Movie Industry: DRM Is For Customers, Not For Members

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A DVD-player that has been designed to prevent DVD-screeners from leaking to the public will be phased out because industry insiders say the DRM hurts their viewing pleasure. It seems that DRM is fine when it's annoying the public but unacceptable when it's affecting them.

This week several DVD-screeners leaked on BitTorrent. “I Am Legend”, “Gone Baby Gone” and several other movies showed up at BitTorrent sites, presumably leaked with the help of industry insiders.

December is traditionally the month when a lot DVD-screeners are sent out to the Oscar voters, and also the time when a lot of these screeners leak. Unfortunately for some, there are pirates among the members of this elite group of movie industry insiders, and measures have to be taken to make it harder to leak the films.

One of the measures is watermarking where the DVD-screeners all get a unique, hidden watermark, so potential leaks can be traced back to the source. Another, perhaps even more effective preventive measure that was used by some studios is the SV-300, a custom-made DVD player that’s been in use since 2004.

The player is developed by Cinea, a division of Dolby Laboratories, and it is used to play encrypted disks that will only play on this particular player. The SV-300 makes it nearly impossible to copy and leak a screener, but surprisingly, the developer decided to phase out the machine because of the negative feedback from the Academy members. It turns out that the Oscar voters don’t like the DRM-machine because it hurts their viewing pleasure:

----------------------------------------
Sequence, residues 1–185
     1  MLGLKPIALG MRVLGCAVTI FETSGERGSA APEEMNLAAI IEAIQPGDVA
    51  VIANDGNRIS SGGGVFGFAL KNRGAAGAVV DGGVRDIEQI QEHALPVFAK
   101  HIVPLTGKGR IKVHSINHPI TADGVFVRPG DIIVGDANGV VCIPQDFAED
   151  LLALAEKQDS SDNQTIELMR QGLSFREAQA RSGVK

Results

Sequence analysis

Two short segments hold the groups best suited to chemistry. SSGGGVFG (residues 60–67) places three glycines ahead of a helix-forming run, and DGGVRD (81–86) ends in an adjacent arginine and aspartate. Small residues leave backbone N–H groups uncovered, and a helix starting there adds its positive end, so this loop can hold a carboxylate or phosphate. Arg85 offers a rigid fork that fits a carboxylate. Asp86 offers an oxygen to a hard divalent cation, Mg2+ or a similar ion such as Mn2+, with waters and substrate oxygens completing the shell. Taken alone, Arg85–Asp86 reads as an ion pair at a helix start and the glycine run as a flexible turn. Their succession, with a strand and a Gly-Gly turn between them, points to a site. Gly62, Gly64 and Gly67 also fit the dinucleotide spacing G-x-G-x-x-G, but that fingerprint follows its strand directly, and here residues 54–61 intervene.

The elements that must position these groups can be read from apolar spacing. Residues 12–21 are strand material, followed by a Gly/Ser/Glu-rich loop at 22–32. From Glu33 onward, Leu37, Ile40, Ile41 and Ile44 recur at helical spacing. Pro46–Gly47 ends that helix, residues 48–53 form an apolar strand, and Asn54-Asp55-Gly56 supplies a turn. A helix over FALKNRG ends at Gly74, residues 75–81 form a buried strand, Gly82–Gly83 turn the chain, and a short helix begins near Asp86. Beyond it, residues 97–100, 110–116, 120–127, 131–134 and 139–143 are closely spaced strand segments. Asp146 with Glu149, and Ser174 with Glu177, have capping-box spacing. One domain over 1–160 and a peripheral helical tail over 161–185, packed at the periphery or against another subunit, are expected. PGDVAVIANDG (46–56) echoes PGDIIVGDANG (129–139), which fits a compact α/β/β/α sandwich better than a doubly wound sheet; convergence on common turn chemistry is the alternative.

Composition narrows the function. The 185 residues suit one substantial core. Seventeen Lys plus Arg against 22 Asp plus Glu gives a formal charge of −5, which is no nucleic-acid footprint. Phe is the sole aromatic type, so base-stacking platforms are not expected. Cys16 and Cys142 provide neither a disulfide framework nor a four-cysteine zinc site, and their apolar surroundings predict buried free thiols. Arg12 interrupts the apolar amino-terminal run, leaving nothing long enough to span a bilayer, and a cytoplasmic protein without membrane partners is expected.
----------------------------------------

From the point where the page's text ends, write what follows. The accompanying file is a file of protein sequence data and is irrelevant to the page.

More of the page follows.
The machine operating the S-View software that scored few points for being user-friendly in its brief run. Its user base complained of the impracticality of having to lug the machine around on vacation during the holiday season, the height of the screening period.

So what they basically say is: “We don’t like DRM”. I can’t agree more of course, but it is kind of ironic that they tend to get more aggressive in imposing DRM on their customers because they are afraid of piracy, while they abandon this effective anti-piracy player because the DRM doesn’t allow them to watch the screeners on vacation.

Don’t think that the industry insiders are unaware of this, hypocritical as they are, they try to talk it right with some strange arguments. Industry insiders now say that Oscar screeners are not considered a primary contributor to movie piracy. This is strange because only 4 years ago Hollywood lobbied for a total ban of Oscar screeners.

I guess it’s all different when your personal viewing pleasure is at stake.


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